My son is a new intern and working remote, and he gets extra irked when he's stuck waiting for a call back from his manager.
posted by wenestvedt at 4:18 PM on June 6 [1 favorite]

Regular team standup meetings with an icebreaker-type question for fun and getting to know people

A lively chat channel, with occasional conversation-starters thrown in
posted by alicat at 9:39 PM on June 6

Seconding the lively chat channel, it helps everyone feel more connected and lets remote employees be in the loop and even in on the jokes.

We do regular check ins, and weekly team meetings with everyone dialing in (so all on equal footing, even if some are in the office), and cameras on. These meetings are largely social by design— if you feel you know someone it’s much easier to reach out via chat or email after to collaborate or ask for help.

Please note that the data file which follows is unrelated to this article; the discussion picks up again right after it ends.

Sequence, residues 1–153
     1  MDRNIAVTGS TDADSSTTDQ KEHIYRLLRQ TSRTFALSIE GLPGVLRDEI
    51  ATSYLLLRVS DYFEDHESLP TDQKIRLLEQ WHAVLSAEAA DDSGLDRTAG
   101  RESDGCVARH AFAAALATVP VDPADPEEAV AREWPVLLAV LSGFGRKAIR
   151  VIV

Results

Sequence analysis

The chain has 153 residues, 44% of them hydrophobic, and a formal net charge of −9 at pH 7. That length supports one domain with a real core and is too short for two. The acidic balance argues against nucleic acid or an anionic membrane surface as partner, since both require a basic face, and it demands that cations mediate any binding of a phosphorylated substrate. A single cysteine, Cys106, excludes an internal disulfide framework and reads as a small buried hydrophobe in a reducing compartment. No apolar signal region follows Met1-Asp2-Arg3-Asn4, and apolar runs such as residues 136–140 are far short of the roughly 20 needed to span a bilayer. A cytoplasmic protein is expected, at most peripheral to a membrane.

Accomplishments and milestones are celebrated in the chat channel so everyone has visibility.

If there’s budget, even a yearly in person meeting goes a long way to building relationships.
posted by ohio at 10:47 PM on June 6 [1 favorite]

At a fully remote company I worked for, we did Friday meet-and-greets. One or two employees would be asked ice breaker questions by a moderator and other folks could ask questions as well (in chat or by voice).
posted by kokaku at 11:10 PM on June 6 [1 favorite]

I managed in this situation and what worked was separate work and fun chat channels. Some of the things in fun channel were birthdays and general congratulations on things (welcomes and promos should always be in work channel though), optional daily crossword using https://downforacross.com/ (early in week NY Times ones seemed best, no pressure to finish). People seemed to like posting pics of pets, holidays etc but only if not asked or forced to. Just try post a few yourself and see if it catches on.